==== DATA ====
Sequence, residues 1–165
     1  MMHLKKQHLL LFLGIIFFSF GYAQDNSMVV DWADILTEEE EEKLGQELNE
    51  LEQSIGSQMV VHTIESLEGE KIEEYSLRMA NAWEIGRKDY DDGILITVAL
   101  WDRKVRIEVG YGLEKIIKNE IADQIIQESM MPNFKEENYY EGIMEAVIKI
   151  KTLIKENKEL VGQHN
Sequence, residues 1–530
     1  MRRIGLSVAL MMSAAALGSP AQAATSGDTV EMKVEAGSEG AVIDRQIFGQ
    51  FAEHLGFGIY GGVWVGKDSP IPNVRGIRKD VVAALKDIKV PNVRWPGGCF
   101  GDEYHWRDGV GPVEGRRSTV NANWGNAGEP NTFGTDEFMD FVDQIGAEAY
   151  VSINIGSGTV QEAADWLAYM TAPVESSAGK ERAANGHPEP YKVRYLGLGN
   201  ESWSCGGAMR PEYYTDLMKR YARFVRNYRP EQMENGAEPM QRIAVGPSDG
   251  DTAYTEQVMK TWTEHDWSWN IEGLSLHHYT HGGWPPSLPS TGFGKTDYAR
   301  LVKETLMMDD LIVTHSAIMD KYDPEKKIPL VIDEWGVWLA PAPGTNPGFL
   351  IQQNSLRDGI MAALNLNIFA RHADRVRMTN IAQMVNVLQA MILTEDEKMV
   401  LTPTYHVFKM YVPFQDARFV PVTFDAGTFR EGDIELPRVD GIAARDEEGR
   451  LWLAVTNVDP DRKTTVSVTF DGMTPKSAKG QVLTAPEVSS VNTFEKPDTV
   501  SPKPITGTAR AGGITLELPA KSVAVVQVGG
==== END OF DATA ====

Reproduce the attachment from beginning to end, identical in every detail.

Sequence, residues 1–165
     1  MMHLKKQHLL LFLGIIFFSF GYAQDNSMVV DWADILTEEE EEKLGQELNE
    51  LEQSIGSQMV VHTIESLEGE KIEEYSLRMA NAWEIGRKDY DDGILITVAL
   101  WDRKVRIEVG YGLEKIIKNE IADQIIQESM MPNFKEENYY EGIMEAVIKI
   151  KTLIKENKEL VGQHN
Sequence, residues 1–530
     1  MRRIGLSVAL MMSAAALGSP AQAATSGDTV EMKVEAGSEG AVIDRQIFGQ
    51  FAEHLGFGIY GGVWVGKDSP IPNVRGIRKD VVAALKDIKV PNVRWPGGCF
   101  GDEYHWRDGV GPVEGRRSTV NANWGNAGEP NTFGTDEFMD FVDQIGAEAY
   151  VSINIGSGTV QEAADWLAYM TAPVESSAGK ERAANGHPEP YKVRYLGLGN
   201  ESWSCGGAMR PEYYTDLMKR YARFVRNYRP EQMENGAEPM QRIAVGPSDG
   251  DTAYTEQVMK TWTEHDWSWN IEGLSLHHYT HGGWPPSLPS TGFGKTDYAR
   301  LVKETLMMDD LIVTHSAIMD KYDPEKKIPL VIDEWGVWLA PAPGTNPGFL
   351  IQQNSLRDGI MAALNLNIFA RHADRVRMTN IAQMVNVLQA MILTEDEKMV
   401  LTPTYHVFKM YVPFQDARFV PVTFDAGTFR EGDIELPRVD GIAARDEEGR
   451  LWLAVTNVDP DRKTTVSVTF DGMTPKSAKG QVLTAPEVSS VNTFEKPDTV
   501  SPKPITGTAR AGGITLELPA KSVAVVQVGG